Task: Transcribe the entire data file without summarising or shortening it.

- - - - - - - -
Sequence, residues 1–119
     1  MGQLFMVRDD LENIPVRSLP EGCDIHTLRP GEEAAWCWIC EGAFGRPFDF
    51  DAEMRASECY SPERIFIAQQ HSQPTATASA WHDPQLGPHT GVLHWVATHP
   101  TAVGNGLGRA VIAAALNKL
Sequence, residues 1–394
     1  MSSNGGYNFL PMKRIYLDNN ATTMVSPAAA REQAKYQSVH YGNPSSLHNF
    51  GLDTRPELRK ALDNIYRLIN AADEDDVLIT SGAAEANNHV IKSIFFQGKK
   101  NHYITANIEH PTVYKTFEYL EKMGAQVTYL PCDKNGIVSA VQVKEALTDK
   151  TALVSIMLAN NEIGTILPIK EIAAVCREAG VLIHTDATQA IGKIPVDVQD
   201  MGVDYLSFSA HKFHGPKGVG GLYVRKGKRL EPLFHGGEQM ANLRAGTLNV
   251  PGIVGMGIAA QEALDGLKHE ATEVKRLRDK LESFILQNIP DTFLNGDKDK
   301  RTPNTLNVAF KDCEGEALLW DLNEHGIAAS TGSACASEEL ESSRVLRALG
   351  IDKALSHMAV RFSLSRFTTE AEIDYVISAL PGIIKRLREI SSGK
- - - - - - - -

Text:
Sequence, residues 1–119
     1  MGQLFMVRDD LENIPVRSLP EGCDIHTLRP GEEAAWCWIC EGAFGRPFDF
    51  DAEMRASECY SPERIFIAQQ HSQPTATASA WHDPQLGPHT GVLHWVATHP
   101  TAVGNGLGRA VIAAALNKL
Sequence, residues 1–394
     1  MSSNGGYNFL PMKRIYLDNN ATTMVSPAAA REQAKYQSVH YGNPSSLHNF
    51  GLDTRPELRK ALDNIYRLIN AADEDDVLIT SGAAEANNHV IKSIFFQGKK
   101  NHYITANIEH PTVYKTFEYL EKMGAQVTYL PCDKNGIVSA VQVKEALTDK
   151  TALVSIMLAN NEIGTILPIK EIAAVCREAG VLIHTDATQA IGKIPVDVQD
   201  MGVDYLSFSA HKFHGPKGVG GLYVRKGKRL EPLFHGGEQM ANLRAGTLNV
   251  PGIVGMGIAA QEALDGLKHE ATEVKRLRDK LESFILQNIP DTFLNGDKDK
   301  RTPNTLNVAF KDCEGEALLW DLNEHGIAAS TGSACASEEL ESSRVLRALG
   351  IDKALSHMAV RFSLSRFTTE AEIDYVISAL PGIIKRLREI SSGK